Technically speaking, Lewis COULD make almost every pass in the book. He is more comfortable kicking the ball out to shooters on the wing after defenses collapse. Lewis does not seem to be the most adept interior passer, but he did show flashes and Alabama did not have a significant roll threat this past season, so there is a real possibility that this becomes a strength in the future.

Whether he can make the read is a different question and will be addressed in the next two sections, but in terms of ability, Lewis can execute passes at a level higher than anyone on the Spurs’ current roster.

Pick and Roll

Lewis has gained comfort operating the pick and roll with Alabama. His speed and ability to get downhill quickly leaves defenses on their heels. If they sag, Lewis can step into a pull up three, which he knocked down at a solid clip this past season. If defenses try to pressure him, Lewis just uses his shift and handle to get past the defense and set himself up for a floater. When defenses pack the paint, he is good at make reads with a live dribble and kicking out to wherever the help came from. One area of improvement is not relying so much on his speed, instead incorporating change of pace moves to give him a better advantage. Additionally, I would like to see him attack the shoulder of the defense a little more, taking away the smallest margins of hope left for getting in front of Lewis.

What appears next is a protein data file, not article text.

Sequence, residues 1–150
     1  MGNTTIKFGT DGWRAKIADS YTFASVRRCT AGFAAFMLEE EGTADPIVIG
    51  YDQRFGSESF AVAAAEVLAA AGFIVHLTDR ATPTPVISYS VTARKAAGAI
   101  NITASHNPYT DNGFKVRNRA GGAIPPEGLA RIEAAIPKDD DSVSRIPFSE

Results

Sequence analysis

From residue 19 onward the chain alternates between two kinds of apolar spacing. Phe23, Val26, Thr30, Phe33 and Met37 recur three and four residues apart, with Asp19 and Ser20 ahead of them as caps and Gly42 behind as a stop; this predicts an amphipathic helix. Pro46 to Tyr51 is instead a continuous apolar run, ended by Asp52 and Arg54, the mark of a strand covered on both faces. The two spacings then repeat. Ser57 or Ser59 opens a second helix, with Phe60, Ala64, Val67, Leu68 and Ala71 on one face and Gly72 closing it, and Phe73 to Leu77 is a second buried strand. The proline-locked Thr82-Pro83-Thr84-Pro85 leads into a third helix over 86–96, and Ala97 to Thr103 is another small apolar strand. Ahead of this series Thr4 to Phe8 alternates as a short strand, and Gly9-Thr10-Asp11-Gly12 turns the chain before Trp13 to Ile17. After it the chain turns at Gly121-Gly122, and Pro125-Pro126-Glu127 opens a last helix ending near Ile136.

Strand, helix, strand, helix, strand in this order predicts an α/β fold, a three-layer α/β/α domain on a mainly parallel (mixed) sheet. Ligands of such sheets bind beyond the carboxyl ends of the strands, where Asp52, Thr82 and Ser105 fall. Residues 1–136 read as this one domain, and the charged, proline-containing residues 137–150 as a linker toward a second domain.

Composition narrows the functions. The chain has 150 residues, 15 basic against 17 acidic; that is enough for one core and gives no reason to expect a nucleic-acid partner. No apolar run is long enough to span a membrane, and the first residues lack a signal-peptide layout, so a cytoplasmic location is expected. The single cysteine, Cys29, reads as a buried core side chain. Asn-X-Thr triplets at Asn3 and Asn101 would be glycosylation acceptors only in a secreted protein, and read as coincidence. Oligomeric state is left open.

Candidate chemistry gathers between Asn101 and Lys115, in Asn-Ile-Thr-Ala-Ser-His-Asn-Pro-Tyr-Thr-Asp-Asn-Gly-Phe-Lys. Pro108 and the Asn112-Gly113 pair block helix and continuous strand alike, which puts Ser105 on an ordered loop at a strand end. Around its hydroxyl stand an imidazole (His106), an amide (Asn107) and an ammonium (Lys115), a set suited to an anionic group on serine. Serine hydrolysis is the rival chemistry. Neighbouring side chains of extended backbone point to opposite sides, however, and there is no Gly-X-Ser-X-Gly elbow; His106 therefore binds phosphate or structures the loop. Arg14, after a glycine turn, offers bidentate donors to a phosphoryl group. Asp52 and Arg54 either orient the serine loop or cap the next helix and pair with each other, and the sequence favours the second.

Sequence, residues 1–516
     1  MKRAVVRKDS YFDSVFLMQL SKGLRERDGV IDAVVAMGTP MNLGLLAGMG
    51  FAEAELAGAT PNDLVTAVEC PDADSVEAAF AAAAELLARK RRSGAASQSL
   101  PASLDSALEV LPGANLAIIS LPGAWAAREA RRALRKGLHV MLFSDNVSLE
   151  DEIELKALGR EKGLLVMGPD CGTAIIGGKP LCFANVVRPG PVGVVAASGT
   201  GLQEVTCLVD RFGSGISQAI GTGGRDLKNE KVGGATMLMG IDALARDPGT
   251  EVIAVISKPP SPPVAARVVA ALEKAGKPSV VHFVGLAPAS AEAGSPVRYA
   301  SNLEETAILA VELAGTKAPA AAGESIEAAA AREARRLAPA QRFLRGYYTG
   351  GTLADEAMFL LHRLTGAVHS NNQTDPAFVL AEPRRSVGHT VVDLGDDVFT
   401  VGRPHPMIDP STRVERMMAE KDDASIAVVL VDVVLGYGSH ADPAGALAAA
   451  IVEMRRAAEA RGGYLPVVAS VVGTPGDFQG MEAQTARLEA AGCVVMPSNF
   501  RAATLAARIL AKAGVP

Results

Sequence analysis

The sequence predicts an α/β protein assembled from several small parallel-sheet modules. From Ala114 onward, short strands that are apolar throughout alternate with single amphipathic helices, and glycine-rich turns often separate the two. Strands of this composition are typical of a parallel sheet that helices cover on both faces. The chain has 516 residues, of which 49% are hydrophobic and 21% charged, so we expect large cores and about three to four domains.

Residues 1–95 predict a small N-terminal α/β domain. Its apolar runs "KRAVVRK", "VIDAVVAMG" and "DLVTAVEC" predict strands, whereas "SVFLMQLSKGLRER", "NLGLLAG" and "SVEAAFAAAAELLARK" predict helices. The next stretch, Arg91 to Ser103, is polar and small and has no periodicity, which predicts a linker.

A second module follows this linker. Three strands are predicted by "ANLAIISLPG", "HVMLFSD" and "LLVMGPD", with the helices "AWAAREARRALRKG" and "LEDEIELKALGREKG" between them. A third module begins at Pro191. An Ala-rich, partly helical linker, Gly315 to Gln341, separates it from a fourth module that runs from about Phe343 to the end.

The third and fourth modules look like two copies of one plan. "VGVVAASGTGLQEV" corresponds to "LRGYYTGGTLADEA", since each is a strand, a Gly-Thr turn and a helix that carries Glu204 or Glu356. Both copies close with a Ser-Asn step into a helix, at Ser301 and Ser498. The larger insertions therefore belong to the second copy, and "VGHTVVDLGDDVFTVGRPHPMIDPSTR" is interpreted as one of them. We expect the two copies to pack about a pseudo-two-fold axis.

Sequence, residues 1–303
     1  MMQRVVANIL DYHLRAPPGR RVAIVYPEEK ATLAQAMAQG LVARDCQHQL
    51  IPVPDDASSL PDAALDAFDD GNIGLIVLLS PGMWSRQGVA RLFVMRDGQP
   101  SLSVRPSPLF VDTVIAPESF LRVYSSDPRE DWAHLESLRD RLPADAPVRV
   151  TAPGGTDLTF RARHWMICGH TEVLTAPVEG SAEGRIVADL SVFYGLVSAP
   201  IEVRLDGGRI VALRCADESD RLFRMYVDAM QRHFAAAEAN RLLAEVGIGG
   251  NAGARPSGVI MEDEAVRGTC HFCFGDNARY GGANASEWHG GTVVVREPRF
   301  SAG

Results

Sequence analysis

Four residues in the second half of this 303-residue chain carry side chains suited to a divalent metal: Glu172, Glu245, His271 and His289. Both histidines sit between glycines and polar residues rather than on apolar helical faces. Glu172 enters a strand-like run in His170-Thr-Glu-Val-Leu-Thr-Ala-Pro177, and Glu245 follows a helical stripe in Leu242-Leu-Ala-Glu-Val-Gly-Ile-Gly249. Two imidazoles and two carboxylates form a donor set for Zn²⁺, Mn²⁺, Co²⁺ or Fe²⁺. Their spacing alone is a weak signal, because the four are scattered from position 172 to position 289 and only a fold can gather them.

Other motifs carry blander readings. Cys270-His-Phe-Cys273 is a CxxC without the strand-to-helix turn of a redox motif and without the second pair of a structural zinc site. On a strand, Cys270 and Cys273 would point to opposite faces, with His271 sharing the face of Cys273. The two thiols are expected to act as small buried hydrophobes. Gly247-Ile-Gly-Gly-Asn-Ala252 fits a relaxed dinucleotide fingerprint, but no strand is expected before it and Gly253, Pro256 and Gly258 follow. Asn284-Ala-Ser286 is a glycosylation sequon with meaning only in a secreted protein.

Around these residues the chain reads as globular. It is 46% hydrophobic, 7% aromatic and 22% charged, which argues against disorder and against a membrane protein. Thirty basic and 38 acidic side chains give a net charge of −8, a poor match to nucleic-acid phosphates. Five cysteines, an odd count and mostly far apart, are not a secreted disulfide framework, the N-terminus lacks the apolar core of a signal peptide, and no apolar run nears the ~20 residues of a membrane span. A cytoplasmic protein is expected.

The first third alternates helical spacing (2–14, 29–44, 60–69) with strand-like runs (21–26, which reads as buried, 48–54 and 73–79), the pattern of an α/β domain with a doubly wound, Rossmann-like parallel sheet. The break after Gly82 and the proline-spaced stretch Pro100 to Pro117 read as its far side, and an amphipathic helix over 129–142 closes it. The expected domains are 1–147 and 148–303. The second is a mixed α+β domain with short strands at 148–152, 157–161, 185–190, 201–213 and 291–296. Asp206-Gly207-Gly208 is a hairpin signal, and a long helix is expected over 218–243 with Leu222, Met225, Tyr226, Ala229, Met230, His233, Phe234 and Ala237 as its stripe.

When DeMar DeRozan inevitably leaves, someone will need to take up his pick and roll mantle, and Lewis’ potential as a threat from all three scoring levels could make him San Antonio’s best option.

Decision Making

Lewis has shown promise here but is still rather inconsistent. In terms of scoring the ball, he picks his spots really well and does not force too many bad shots. His tape as a passer tells a different story. While he improved significantly over the course of the 2019-20 season, he is still prone to forcing passes that are not there and sometimes fails to recognize reads on time (or at all in some instances). There are enough flashes where it should turn into a positive over time, but it is a question mark.